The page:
Shell is to return to a pattern where North Sea staff will work two weeks offshore, then three weeks onshore.
The oil giant made the announcement to its workforce in Aberdeen on Tuesday following a review.
Most Shell staff had been working offshore for three weeks, then spending four weeks onshore, since the downturn in production about three years ago.
The Unite union said it had been campaigning against the "hated rota" on health and welfare grounds.
In April, an Offshore Contractors Association report said spending three weeks at a time offshore had left many oil workers feeling they were suffering substantial fatigue and were more likely to experience psychological distress .
The report suggested many had also found it more difficult to recover from the rota pattern.
Shell said it did not foresee job losses as a result of the changes.
The aim of the Shell review was to "continue to drive offshore productivity, to address some issues from offshore personnel and to manage our business".
Steve Phimister, Shell's vice president for upstream in the UK and Ireland, said: "What's important when you do these things is that you listen carefully.
"And what they (workers) said is the three-week-on working pattern was introducing fatigue and other issues in their family and personal lives that they were finding hard."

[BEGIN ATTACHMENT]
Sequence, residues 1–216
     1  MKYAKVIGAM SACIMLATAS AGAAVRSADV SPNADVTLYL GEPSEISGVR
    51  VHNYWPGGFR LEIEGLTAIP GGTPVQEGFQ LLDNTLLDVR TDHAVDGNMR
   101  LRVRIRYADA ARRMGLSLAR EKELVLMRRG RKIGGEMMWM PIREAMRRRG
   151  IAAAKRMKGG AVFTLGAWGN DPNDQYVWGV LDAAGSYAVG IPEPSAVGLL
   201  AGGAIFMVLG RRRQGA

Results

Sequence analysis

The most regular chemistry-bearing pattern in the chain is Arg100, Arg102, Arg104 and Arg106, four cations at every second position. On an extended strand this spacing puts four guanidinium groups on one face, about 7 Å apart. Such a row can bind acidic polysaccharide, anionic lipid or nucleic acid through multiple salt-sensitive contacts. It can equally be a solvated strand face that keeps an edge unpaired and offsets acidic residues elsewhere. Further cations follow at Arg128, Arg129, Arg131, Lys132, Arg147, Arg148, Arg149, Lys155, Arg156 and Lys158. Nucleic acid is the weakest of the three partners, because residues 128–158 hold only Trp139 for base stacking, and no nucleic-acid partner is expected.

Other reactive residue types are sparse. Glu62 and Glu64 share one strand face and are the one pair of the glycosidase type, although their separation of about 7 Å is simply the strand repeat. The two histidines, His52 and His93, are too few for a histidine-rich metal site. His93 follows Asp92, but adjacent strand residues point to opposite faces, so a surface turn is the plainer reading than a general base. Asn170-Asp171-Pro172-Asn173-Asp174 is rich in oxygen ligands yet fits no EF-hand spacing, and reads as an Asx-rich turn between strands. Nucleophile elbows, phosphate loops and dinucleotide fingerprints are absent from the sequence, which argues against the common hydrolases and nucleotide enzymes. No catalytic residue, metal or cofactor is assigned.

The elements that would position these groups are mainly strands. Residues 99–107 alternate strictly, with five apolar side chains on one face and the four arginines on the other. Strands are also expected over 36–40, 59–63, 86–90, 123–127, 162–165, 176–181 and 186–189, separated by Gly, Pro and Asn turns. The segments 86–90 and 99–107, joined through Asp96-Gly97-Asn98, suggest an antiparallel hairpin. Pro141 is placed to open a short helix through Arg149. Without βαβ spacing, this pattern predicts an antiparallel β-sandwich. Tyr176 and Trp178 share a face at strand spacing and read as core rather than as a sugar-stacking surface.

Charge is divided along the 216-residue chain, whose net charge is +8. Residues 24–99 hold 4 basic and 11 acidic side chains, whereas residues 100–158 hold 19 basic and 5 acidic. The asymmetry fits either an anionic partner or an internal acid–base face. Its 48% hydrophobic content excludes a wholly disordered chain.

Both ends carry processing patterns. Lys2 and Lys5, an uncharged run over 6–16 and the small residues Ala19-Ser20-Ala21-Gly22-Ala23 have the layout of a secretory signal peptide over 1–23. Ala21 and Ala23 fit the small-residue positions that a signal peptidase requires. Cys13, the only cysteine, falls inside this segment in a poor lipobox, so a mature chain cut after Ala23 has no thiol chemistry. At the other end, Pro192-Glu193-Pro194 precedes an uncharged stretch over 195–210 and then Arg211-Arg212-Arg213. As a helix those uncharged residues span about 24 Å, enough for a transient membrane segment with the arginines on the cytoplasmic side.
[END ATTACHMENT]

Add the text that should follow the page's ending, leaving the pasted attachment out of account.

Due to decommissioning activity, Shell does not plan any changes to operations on the Brent Alpha or Brent Bravo platforms. However, Brent Charlie will move to the new rota.
The company said the changes were due to be implemented in the second quarter of 2019.
The move by Shell to return to a two weeks offshore rota comes as unions continued a dispute with Total over plans to introduce the three-week pattern .
Unite regional industrial officer John Boland said: "Unite has consistently highlighted the dangers of three weeks working offshore, and has been campaigning to get operators to move to better rotas for the welfare and health of our members.
"It is good to see that Shell have listened to Unite and the views of the wider workforce.
"This campaign is about our members' wellbeing and safety. We need to do everything possible to stop the use of this hated rota in the North Sea."
Source: BBC News
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